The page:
MECKLENBURG COUNTY, N.C. — One day after the deadline set by Superintendent Earnest Winston, Centegix, the company that installed the new crisis alert system in CMS schools, announced they have successfully completed testing the system.
CMS, however, said they plan to cut ties with the company.
"We did not get, and will not get, what we were promised and what we paid for," Winston said.
It comes after the superintendent announced last month that it wasn't fully operational.
He gave the company until Monday to get it up to speed and talked about it at Tuesday night’s school board meeting. Tuesday night, Winston said he had not yet had a chance to speak with Centegix.
"The problems we've had are more than glitches," Winston said.
Centegix says the system is ready for teacher training and is working in more than 5,000 classrooms and school facilities, like cafeterias and gyms, in 26 CMS schools.
The system is meant to instantly alert students, teachers and police when there is an emergency with the press of a button.
Superintendent Earnest Winston promised County Commissioners he'd take aggressive action if they didn’t fix the system, specifically saying he'd work to get the $1.1 million already spent back.
Centegix sent this statement to WCNC Charlotte:
CENTEGIX™, an IoT company dedicated to innovating technology to save and enrich lives, announces successful completion of testing of the CrisisAlert™ solution in 26 Charlotte-Mecklenburg (CMS) high schools.
Over the last 30 days, CENTEGIX has worked in good faith with the CMS project team to accelerate testing of the CENTEGIX CrisisAlert solution to meet the February 10, 2020 deadline requested by the CMS Superintendent. On Monday, January 6, 2020, CMS leadership requested that CENTEGIX launch six schools into pilot mode, in addition to the four pilot schools launched in November and December of 2019. Four days later, the CMS Superintendent publicly requested that the timeline be accelerated for all high schools, with a target completion date of February 10, 2020. CENTEGIX accommodated the accelerated timeline to help create a more secure learning environment for CMS students and educators.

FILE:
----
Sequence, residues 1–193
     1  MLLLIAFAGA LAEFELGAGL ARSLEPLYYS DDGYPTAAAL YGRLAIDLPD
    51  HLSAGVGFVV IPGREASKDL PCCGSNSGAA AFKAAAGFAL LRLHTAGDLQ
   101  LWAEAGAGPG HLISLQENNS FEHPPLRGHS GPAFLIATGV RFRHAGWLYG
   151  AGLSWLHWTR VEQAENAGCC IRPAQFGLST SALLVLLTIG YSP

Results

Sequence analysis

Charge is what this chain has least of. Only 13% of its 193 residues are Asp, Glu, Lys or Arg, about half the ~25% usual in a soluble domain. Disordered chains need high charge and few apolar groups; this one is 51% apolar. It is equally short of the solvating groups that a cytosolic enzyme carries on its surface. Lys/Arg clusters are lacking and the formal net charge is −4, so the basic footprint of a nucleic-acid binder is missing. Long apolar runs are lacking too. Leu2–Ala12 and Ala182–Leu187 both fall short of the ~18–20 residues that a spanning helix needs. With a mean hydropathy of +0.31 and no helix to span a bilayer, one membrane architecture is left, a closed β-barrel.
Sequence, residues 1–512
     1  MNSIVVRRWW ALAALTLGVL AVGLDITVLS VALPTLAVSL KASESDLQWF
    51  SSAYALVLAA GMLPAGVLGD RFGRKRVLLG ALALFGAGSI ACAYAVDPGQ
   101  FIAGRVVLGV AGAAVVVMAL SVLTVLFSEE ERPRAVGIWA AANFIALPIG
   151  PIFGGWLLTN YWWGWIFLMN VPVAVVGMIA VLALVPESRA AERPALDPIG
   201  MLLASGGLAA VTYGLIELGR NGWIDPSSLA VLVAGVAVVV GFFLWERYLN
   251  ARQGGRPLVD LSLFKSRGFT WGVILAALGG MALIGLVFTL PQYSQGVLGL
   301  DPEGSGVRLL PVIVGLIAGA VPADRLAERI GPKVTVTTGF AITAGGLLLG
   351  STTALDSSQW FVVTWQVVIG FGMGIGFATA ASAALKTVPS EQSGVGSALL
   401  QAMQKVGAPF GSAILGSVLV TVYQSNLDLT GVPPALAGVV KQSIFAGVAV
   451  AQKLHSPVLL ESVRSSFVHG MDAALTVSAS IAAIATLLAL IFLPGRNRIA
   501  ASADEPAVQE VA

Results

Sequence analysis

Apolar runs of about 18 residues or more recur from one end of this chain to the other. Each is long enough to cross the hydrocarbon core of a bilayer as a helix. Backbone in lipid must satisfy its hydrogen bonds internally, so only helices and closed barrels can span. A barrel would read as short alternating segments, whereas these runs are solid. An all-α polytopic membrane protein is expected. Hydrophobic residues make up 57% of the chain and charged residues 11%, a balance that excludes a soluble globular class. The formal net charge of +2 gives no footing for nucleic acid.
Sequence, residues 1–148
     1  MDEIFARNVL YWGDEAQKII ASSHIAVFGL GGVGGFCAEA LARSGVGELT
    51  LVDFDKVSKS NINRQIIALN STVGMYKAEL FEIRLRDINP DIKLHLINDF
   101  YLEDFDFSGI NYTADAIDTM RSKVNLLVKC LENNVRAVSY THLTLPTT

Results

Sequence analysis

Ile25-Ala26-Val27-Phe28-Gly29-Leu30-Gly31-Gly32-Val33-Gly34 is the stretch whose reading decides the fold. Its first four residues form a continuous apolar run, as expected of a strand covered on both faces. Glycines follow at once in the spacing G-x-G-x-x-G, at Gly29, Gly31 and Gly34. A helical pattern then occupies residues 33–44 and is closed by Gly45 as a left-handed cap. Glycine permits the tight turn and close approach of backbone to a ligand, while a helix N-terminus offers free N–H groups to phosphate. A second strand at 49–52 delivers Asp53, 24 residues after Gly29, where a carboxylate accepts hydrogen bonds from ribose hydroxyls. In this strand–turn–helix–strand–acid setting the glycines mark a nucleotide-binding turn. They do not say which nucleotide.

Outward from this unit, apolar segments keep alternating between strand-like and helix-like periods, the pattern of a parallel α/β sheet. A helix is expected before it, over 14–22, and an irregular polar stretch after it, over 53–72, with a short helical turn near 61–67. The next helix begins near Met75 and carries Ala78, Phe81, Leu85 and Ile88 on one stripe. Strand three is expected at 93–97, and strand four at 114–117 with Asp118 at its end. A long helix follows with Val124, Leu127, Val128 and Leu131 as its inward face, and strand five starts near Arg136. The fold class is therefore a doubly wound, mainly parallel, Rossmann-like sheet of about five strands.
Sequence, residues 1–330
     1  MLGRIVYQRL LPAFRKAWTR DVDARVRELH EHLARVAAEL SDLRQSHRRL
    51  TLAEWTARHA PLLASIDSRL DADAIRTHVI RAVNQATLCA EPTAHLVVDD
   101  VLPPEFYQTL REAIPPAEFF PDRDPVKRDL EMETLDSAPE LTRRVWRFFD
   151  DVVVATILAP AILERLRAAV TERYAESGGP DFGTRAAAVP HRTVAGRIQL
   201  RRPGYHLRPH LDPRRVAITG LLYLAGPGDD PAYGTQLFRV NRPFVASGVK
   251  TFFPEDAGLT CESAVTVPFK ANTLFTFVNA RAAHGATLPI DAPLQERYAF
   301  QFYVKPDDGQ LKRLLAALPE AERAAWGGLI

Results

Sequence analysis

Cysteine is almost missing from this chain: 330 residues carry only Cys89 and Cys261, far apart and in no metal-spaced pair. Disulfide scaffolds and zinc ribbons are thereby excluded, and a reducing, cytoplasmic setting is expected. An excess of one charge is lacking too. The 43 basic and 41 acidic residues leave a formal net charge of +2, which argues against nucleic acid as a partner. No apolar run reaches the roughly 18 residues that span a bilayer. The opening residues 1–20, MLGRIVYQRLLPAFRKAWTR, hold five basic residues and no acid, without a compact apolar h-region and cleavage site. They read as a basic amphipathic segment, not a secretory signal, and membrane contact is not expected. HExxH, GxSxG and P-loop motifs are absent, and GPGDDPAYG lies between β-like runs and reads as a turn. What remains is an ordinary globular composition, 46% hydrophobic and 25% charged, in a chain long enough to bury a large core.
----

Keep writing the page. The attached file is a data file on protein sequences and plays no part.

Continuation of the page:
All 26 of the contracted high schools completed quality assurance testing, met all of the agreed-upon success criteria, and are ready for teacher training and deployment. Testing of two high schools was delayed due to the severe weather on February 6, 2020, and final tuning at one of those high schools will be completed on February 12. The CrisisAlert platform is operational in more than 5000 classrooms, gyms, outdoor facilities, cafeterias, and media centers in the area high schools.
More than 50 alerts have been initiated since the pilot schools were launched because of real-world emergency incidents, including lockdowns, modified lockdowns, weather alerts, medical emergencies, and physical altercations.
Most notably, these alerts included a Full Campus Lockdown initiated by a CMS employee via a CrisisAlert badge that was reported on January 15, 2020. The alert resulted in multi-sensory notifications which included strobes, screen-takeover, and automated public-address announcements at each school. First responder notification, via the CrisisAlert First Responders Application, was also included. The incident was later de-escalated to a Modified Lockdown via the CrisisAlert Mobile Application.
Further, CrisisAlert was successfully used Thursday, February 6, 2020 to initiate Severe Weather alerts in three of the pilot sites due to tornadoes and extreme weather conditions.
“We look forward to continuing to work with the CMS school district to deploy CrisisAlert and continuing to fulfill our mission of innovating technology to save and enrich lives,” said Matthew Stevens, CEO of CENTEGIX.
The CENTEGIX solution is unique for its ability to deliver alert location accuracy, total campus coverage, immediate notification, and audio and visual alerting. The company’s CrisisAlert platform is a crisis management solution that protects over 700 schools and 600,000 students and staff members, empowering first responders with actionable information and enabling them to respond faster in any emergency situation.
In response, CMS said it would be ending its relationship with Centegix.
CMS hasn't paid the company in full yet. Winston said the district will not be paying the additional $600,000 they owe Centegix.
“We recognize that this is cutting-edge technology and some glitches are to be expected. But despite our repeated requests for greater reliability and more responsive support from Centegix, we have not seen the improvements we hoped to see,” Winston said, in part, in a statement.
Mecklenburg County funds CMS, and some commissioners had concerns about the security system before the district's bombshell decision, including Commissioner Vilma Leake. She represents district two.
"He did not give us a deadline, he did not give us a perspective on how urgent it was, because it's urgent," Leake said. "To us it's urgent," she said referring to county leaders.
She said she supported the decision but still has questions.
"I want to know who made that decision to go with that company," Leake said. We can't get names of who made that decision, who signed the contract. Somebody needs to be held accountable, and somebody's head needs to roll."
The Charlotte Observer has reported that ousted, former Superintendent Clayton Wilcox pushed for the deal with Centegix, though that has not been made publicly known.
He was terminated from his job in 2019, with no public explanation.